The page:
Home Natural Hazard Management Satellite-based service monitors Mediterranean regions vulnerable to desertification

Satellite-based service monitors Mediterranean regions vulnerable to desertification

The severe droughts and forest fires of recent years underline Mediterranean Europe’s continuing vulnerability to desertification — 300 000 square kilometres of territory are currently affected, threatening the livelihoods of 16.5 million Europeans. A new satellite-based service is set to provide a continuous monitoring of regions most at risk. ESA’s DesertWatch project involves the development of a desertification monitoring system for the northern shores of the Mediterranean Sea, in support of responsible regional and national authorities.

ESA’s DesertWatch project involves the development of a desertification monitoring system for the northern shores of the Mediterranean Sea, in support of responsible regional and national authorities. ”Desertification is a common problem across Mediterranean nations, because of circumstances in common: similar historical backgrounds, climatic conditions, land use patterns, cultural characteristics and vegetation types,” explained Dr. Mevlut Duzgun of the Turkish Ministry of Environment and Forestry, a DesertWatch partner user. ”What we hope to get out of this project is the development of a common, harmonised information system available to all Mediterranean countries affected by desertification processes, making it possible to permanently access the data needed to monitor changes as they occur.”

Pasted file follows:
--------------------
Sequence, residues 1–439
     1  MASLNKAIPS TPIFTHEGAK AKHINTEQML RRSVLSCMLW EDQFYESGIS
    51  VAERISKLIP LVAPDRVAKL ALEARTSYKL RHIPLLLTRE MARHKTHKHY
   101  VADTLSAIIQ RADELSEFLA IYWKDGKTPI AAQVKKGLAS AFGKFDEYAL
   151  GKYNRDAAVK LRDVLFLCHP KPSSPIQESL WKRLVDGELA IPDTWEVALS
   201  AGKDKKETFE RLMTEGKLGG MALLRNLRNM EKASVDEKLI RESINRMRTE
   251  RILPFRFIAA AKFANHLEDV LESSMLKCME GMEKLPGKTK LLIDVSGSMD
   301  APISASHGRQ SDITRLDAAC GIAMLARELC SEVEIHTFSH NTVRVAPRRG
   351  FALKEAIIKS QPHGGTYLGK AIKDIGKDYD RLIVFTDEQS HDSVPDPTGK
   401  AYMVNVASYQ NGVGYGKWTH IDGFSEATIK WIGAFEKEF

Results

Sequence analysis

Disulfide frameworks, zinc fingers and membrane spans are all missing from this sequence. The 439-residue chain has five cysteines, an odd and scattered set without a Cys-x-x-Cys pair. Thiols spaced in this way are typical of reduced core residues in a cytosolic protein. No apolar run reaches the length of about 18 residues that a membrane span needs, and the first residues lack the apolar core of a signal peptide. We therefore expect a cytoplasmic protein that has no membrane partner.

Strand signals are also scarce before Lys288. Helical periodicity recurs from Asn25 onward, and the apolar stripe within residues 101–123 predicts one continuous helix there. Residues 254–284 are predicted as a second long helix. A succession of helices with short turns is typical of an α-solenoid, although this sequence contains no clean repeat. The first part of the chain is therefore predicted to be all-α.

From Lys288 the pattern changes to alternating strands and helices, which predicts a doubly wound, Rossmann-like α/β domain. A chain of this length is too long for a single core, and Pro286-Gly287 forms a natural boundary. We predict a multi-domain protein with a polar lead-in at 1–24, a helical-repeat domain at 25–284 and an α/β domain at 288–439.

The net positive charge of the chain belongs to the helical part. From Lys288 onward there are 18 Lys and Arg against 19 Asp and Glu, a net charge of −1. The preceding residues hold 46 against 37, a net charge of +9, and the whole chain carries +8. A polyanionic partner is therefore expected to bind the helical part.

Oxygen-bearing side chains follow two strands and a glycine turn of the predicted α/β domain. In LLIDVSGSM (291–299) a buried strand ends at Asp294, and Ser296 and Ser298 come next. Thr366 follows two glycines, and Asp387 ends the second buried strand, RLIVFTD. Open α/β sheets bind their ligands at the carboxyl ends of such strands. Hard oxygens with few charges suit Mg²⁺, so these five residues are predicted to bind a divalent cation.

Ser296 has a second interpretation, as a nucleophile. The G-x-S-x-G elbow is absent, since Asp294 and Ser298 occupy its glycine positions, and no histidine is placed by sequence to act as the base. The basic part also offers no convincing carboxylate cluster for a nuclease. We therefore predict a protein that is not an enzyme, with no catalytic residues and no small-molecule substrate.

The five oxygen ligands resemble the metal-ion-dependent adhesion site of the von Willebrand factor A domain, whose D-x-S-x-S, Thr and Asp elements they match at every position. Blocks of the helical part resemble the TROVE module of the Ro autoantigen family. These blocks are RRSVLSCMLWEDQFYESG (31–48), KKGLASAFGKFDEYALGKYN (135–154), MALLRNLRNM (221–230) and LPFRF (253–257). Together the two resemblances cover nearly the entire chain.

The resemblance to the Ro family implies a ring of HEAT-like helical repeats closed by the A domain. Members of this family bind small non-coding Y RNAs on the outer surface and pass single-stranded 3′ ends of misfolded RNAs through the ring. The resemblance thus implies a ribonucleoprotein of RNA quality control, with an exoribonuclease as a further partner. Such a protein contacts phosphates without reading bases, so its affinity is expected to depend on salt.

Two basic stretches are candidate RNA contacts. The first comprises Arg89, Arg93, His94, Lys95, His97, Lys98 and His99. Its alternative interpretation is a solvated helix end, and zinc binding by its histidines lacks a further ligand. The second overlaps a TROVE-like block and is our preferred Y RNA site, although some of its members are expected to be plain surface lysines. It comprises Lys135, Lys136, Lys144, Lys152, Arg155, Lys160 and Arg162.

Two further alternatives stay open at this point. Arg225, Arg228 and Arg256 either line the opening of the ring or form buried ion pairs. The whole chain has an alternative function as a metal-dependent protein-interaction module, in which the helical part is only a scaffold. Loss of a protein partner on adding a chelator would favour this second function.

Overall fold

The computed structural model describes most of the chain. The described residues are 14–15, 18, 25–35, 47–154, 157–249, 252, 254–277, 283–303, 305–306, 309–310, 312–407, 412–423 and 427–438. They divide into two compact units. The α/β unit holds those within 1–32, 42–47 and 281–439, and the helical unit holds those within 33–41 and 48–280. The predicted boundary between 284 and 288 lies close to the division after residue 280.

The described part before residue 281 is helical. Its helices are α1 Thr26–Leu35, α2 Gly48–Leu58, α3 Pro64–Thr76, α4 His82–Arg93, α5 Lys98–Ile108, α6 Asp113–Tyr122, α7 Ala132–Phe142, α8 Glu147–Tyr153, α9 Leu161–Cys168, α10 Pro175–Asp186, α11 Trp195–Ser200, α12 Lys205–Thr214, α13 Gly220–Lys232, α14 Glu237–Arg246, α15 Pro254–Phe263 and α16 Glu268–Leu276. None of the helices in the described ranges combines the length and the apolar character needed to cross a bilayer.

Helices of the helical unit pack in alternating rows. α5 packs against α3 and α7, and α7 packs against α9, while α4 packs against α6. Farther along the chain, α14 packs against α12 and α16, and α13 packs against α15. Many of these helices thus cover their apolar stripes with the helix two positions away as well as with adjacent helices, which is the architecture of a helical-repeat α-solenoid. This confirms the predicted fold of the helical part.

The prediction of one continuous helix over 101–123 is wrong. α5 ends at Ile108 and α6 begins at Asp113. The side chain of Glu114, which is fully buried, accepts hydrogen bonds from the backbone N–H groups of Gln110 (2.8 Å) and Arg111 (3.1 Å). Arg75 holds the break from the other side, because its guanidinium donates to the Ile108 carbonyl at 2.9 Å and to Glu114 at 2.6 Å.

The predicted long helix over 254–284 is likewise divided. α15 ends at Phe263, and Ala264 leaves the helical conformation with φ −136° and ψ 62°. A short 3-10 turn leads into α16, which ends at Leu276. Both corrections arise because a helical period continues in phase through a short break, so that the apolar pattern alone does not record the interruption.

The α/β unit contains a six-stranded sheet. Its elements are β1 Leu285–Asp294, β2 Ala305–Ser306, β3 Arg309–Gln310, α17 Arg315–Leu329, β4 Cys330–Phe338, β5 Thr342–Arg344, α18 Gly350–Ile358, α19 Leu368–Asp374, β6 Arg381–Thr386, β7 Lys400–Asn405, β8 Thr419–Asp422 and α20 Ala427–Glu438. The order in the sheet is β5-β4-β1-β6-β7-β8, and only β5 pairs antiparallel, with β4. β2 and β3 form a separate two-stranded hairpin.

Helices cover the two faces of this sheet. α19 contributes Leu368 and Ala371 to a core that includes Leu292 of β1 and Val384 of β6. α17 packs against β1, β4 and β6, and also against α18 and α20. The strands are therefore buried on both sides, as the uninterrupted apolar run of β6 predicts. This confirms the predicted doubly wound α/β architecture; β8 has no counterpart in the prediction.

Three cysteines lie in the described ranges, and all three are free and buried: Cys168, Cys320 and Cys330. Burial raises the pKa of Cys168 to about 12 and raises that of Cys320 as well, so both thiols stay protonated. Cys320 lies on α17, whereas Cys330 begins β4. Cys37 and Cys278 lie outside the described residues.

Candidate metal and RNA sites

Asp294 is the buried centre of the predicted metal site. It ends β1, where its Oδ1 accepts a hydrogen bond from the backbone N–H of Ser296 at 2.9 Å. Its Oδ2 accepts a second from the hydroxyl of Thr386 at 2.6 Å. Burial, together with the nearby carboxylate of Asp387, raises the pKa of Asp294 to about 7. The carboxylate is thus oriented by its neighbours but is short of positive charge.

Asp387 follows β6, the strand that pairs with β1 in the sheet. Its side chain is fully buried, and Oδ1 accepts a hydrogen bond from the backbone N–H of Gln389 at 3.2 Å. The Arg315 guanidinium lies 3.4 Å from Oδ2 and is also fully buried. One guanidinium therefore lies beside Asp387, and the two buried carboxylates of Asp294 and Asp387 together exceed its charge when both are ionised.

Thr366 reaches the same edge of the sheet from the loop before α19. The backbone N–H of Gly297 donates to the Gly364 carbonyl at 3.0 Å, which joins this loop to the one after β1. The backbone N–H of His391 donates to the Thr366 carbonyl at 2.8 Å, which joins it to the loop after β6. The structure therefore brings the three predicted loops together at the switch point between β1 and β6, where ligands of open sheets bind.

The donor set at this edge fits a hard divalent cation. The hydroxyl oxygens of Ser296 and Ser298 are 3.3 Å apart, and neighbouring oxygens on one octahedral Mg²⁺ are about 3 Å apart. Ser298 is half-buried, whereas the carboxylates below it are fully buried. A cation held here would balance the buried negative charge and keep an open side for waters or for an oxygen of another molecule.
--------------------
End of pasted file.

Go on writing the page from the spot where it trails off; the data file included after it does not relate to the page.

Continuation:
As well as highlighting any relevant land use change, the view from space can reveal increased surface reflectivity, temperature, dryness and dustiness. Infrared sensors can be used to detect vegetation stress from environmental changes. During the lifetime of DesertWatch, data gathered from multiple spacecraft including ESA’s Envisat will be used to assess desertification trends over time, developing standardised geo-information products to enable cross-border comparisons. DesertWatch products are also envisaged as a means for countries to fulfil their reporting obligations to the United Nations Convention on Combating Desertification (UNCCD), a 191-nation agreement to fight desertification on a global basis.